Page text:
Today was an early (and long) day…I left the hotel about 6:15, took the Luas (tram) to Connolly Station for a 7:30 train to Belfast. It's a bit over two hours to Belfast, then a cab to the new Public Records Office of Northern Ireland (PRONI) in the Titantic Quarter. This was my first trip since their move last year and I am very impressed. The facility is beautiful, lots of open space and bright (a little too much so for the microfilm readers).
The first thing I had to do was get a new reader's card. Although mine hadn't expired, security required a new card that you use to swipe into the various reading rooms. When you arrive you must place all of your belongings, coat, bag, etc. into a locker. You can take your computer and files but you MUST leave behind your phone and camera. Very strict about this.
I worked with microfilmed parish registers which are self service. There were plenty of readers (although I don't think as many as in the old facility) but it was not crowded. There are also two reader/printers to use for copies. The down side is that once you find something you want to print, you can't simply remove the film and take it to the printer…you have to rewind it, then try to find your place again once you put it on the printer. I was working on Church of Ireland films from 1745 - 1830; the good news is that they exist…the bad news, is the quality was terrible. I managed to find an index, but in most cases the top and bottomn of the pages (were the numbers were located) were so dark they couldn't be read. Printing was another problem. The printers are loaded with A3 (big) paper and trying to get them adjusted to print anything readable was difficult. You need to purchase a copy card which has five copies on it, and it can take all five to get a decent copy. Not PRONI's fault, just time consuming. It would be great if they were set up for digital copies. At least that way you'd have some chance of enhancing the documents.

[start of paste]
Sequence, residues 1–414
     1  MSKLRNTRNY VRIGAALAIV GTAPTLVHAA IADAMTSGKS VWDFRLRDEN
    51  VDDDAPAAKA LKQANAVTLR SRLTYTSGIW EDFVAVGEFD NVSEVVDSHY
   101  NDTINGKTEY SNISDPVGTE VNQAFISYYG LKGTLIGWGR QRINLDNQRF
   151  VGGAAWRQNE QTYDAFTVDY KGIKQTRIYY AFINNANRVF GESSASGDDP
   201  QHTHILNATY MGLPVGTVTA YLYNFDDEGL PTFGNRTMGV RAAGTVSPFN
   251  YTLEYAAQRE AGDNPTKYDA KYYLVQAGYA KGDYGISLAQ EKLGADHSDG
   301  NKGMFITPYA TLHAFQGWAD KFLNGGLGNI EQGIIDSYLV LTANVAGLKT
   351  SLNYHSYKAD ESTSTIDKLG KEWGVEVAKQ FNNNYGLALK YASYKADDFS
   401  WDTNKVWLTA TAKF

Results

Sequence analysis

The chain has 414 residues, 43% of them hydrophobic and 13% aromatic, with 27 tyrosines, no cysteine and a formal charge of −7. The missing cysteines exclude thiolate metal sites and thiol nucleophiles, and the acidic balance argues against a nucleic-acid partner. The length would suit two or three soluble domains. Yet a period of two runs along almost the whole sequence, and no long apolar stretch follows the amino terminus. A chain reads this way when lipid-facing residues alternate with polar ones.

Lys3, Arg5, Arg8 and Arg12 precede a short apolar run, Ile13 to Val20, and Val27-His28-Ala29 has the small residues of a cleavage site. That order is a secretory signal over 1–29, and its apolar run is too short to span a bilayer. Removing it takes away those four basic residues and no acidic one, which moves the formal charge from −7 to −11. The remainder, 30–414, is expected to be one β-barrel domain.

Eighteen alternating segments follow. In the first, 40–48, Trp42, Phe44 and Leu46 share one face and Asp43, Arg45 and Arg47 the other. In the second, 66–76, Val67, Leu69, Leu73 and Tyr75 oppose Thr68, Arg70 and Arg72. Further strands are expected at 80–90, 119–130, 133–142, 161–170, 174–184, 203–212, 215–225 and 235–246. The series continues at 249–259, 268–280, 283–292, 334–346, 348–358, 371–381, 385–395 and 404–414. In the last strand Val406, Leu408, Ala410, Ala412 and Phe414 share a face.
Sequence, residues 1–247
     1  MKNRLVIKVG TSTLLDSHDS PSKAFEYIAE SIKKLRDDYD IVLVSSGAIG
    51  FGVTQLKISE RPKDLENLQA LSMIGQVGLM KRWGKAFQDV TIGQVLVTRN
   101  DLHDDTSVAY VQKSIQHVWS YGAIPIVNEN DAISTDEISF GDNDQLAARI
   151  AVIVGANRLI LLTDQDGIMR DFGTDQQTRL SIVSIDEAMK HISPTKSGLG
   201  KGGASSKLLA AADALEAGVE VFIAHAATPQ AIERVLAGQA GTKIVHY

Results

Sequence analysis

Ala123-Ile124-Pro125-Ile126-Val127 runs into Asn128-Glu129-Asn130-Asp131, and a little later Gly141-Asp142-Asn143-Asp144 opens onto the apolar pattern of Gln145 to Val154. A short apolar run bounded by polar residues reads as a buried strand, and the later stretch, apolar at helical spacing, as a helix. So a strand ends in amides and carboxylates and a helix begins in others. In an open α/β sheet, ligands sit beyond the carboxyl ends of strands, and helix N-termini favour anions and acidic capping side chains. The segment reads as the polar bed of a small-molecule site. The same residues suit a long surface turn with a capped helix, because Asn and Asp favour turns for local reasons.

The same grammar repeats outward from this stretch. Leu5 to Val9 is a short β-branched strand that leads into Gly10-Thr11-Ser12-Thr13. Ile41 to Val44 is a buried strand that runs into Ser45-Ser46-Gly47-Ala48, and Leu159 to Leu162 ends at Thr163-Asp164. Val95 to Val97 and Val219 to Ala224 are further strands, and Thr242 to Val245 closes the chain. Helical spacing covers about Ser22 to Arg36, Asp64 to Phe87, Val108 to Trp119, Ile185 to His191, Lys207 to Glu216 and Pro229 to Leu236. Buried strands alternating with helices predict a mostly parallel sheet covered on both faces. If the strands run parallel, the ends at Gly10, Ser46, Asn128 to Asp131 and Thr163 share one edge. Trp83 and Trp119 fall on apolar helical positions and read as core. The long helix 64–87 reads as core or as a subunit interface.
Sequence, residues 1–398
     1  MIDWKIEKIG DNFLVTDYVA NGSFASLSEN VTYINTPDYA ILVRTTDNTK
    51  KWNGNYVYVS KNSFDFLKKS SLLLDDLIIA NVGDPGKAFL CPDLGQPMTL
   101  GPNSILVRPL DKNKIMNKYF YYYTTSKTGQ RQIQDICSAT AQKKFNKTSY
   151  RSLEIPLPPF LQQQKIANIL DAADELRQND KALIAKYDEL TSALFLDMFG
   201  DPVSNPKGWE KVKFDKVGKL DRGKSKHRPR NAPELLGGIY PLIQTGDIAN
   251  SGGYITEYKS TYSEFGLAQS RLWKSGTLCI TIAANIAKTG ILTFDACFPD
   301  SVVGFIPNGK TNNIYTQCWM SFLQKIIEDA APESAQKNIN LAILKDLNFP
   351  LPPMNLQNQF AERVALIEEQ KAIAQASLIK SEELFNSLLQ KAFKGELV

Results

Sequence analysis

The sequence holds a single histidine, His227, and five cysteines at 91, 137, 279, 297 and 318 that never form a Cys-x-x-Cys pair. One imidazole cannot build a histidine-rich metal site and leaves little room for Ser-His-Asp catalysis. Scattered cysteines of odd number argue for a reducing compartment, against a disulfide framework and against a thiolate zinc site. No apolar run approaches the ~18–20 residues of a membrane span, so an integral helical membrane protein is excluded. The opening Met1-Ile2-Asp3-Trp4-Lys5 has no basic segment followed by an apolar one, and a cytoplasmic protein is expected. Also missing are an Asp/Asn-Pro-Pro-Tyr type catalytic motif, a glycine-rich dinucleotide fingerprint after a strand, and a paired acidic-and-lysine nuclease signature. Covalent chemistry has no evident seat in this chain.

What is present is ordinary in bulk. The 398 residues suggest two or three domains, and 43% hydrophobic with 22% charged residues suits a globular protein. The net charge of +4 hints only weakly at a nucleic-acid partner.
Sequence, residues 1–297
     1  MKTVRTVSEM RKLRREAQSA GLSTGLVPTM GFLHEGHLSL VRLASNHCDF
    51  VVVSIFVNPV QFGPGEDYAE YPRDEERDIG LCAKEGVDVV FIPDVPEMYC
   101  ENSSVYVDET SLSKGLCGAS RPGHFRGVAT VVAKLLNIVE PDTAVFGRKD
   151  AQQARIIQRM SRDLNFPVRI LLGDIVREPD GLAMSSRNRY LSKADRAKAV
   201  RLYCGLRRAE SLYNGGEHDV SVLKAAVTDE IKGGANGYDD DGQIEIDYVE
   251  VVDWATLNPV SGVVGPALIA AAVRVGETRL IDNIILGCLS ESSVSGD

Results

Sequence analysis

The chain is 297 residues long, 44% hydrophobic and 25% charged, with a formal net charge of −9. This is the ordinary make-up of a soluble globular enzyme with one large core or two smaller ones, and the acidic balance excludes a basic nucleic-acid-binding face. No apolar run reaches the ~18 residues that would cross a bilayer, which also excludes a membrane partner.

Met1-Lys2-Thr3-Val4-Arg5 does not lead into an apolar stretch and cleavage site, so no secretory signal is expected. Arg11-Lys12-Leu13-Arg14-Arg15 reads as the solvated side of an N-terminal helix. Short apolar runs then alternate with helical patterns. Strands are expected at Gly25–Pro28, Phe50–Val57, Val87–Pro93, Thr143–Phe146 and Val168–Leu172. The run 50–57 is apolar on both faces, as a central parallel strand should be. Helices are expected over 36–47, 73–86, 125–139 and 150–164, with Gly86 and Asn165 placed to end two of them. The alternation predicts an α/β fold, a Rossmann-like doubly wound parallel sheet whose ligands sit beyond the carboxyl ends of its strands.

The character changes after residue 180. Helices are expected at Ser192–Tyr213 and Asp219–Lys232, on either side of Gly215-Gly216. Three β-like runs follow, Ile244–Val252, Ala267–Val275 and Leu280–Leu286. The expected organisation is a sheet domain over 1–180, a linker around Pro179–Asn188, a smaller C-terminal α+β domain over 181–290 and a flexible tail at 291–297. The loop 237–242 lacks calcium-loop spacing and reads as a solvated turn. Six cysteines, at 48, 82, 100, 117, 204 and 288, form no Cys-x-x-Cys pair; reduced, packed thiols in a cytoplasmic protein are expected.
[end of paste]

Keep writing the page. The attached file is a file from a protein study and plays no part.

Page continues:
A lot of the material at PRONI is manuscript and they have an excellent ordering system. There are desks set up with computers; you search the catalog, and when you find what you want, you order it electronically with your reader's card number. When the order is complete, you receive a table number as a confirmation. Your table number appears on an electronic board when the material is ready and you go down to the other end of the building to the Reading Room to collect your material. You must use the manuscript material in the Reading Room.
Shortly after my last trip to PRONI, they announced that they had received material from Allison Studios, a photographer in Armagh (with branches in Belfast and Dundalk). They have posted the pictures to a Flickr account linked to their website. I have a number of pictures that were taken by Allison in Dundalk and Belfast (check out my Photos) and I was hoping that their Day Books might identify the pictures. Unfortunately, the books don't start until 1900 and most of my pictures were taken before that. There is one, which I think might be wedding picture of my great grandmother and her second husband in 1903, so I requested the books and read through all of the entries for May of 1903. Nothing there.
PRONI closes at 4:45, but by 4:30 they begin moving you out. The front desk called for a cab for me, and back to the station for my 6:10 train back to Dublin. If I had more time on this trip, I'd would probably have spent the night in Belfast. That woud have given me a chance to also visit the General Register office of Northern Ireland and the Linen Hall Library. If your ancestors were from the Ulster (including the border counties) you should plan to spend some time at PRONI.